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Wednesday, May 12, 2021

Hold onto your monocles folks – golf ain’t dead yet

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“Sharp exhale. Now deep breath in…. and big exhale.”

No, this isn’t Bryson DeChambeau trying to digest a gallon of protein after a heavy night on the glen, rather what I’d say to golf’s traditionalists standing at the picket line screaming ‘his big hitting will be the ruination of the royal and ancient game’.

One round into the Jack Nicklaus hosted Memorial Tournament and guess what… golf is tough, it’s really tough. OK, easy Tiger…

There’s been a lot of hysteria doing the rounds on social media since a certain mad scientist ate all the pies and took his ball to Pound Town, but as much and all as I respect everything DeChambeau has done to gain an advantage, big hitting will only get you so far… 423 yards off the 1st on Thursday, his 10th… 362 yards off the 11th, his second… 407 yards off the 17th, his 8th. You get the picture.

Add all those yards up and DeChambeau signed for a one-over par opening round of 73 at Muirfield Village. And this guy’s meant to be golf’s kryptonite? To quote the great Roy Keane, do me a favour…

But hey, let’s get real here. This is one round of golf. 18-holes in a career of a 26-year old trying to reinvent the wheel. Who’s to say DeChambeau won’t go on and win this week? And you’re right, it’s totally plausible. To dismiss him based on one over-par effort would be as ridiculous as to suggest that after winning the Rocket Mortgage Classic, DeChambeau was suddenly golf’s greatest threat. You’d swear Bryson had evolved where the game cannot; time to arm him with a hickory stick and a Balata and rein the sport back to its racist, sexist past before it’s too late.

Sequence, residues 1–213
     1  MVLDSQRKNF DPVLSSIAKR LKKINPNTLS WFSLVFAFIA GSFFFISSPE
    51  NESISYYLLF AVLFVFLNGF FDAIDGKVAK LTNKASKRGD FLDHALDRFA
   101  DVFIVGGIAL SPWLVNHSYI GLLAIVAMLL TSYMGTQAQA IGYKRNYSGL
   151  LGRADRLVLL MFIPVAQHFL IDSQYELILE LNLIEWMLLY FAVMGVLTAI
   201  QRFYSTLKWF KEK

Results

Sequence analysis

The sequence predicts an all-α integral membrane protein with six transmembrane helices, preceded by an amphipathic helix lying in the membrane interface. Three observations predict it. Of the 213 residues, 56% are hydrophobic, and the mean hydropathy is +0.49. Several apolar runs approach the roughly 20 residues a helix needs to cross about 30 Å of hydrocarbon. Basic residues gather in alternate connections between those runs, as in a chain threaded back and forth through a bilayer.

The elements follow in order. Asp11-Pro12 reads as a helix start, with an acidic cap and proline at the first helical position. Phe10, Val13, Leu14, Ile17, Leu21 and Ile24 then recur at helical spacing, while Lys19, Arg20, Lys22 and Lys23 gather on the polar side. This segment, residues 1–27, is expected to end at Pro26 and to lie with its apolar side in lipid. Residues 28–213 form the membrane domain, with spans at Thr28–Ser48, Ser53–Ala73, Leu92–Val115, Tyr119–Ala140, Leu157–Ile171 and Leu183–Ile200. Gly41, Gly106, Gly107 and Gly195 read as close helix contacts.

But wait… what’s that? Dense rough and quick greens make golf more difficult… who knew? Well, Shane Lowry did for one. Perhaps sparked by R&A CEO Martin Slumbers, who confessed that he would soon be “seriously addressing” DeChambeau’s power play, the Open Champion urged caution from the game’s governing bodies whose answer to the question of distance has forever been to unimaginatively pack on extra yards to a course’s defence.

“I think the worst thing people can do is try and make golf courses longer,” Lowry said. “I just think they need to make them harder because to make them longer, it just plays into the long hitters’ hand.

“There’s a new tee on 15 this week – we played it last week – and if I hit a good drive, I’m off of the upslope with a blind second shot from 260 yards, whereas Bryson and Rory and these guys are hitting to the top of the hill and hitting an iron onto the green. The way I would like to see it curtailed would be to make golf courses harder, and when we do get to the majors and when we do get to like the US Open, it’ll be interesting to see how he [DeChambeau] does do then.

“But as regards now, I don’t think it’s a huge issue, but obviously some people do. But like I say, I think no matter what, you need to putt well to win any week.”

And Lowry knows. Not short himself, the Clara swinger bombed a drive 417 yards down the fairway of his penultimate hole on Thursday. Lying just 57 yards from the pin, four stabs later and he’d posted his second bogey in a row before signing for the same one-over par score as Bryson.

Golf will always be a game of skill where champions will be determined by inches, not by hitting it miles. Narrow the fairways. Thicken the rough. Slicken the greens. Heighten the examination of wits. Let’s see if nature can combat power before dialling back the tech.

For the record, the par-4 14th at just 360-odd yards played the second toughest hole on Thursday at an average of 4.27. Bryson missed the green from 90 yards and made bogey. The toughest obstacle? The par-3 16th where first round leader, Tony Finau airmailed the green with an eight-iron, also making bogey. Short obstacles, big scores.

Go figure.

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